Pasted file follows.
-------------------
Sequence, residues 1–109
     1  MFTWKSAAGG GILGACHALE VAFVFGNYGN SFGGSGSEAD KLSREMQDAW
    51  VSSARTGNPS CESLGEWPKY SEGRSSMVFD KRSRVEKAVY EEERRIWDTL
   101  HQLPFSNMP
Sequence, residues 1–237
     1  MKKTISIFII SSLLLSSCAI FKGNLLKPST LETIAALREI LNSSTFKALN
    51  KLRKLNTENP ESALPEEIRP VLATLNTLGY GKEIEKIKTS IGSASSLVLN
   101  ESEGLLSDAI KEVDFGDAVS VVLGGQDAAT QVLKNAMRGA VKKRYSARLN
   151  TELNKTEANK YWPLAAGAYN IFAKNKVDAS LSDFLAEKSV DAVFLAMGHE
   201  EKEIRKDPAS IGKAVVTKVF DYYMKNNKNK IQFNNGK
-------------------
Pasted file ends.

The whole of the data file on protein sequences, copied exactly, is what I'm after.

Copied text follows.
Sequence, residues 1–109
     1  MFTWKSAAGG GILGACHALE VAFVFGNYGN SFGGSGSEAD KLSREMQDAW
    51  VSSARTGNPS CESLGEWPKY SEGRSSMVFD KRSRVEKAVY EEERRIWDTL
   101  HQLPFSNMP
Sequence, residues 1–237
     1  MKKTISIFII SSLLLSSCAI FKGNLLKPST LETIAALREI LNSSTFKALN
    51  KLRKLNTENP ESALPEEIRP VLATLNTLGY GKEIEKIKTS IGSASSLVLN
   101  ESEGLLSDAI KEVDFGDAVS VVLGGQDAAT QVLKNAMRGA VKKRYSARLN
   151  TELNKTEANK YWPLAAGAYN IFAKNKVDAS LSDFLAEKSV DAVFLAMGHE
   201  EKEIRKDPAS IGKAVVTKVF DYYMKNNKNK IQFNNGK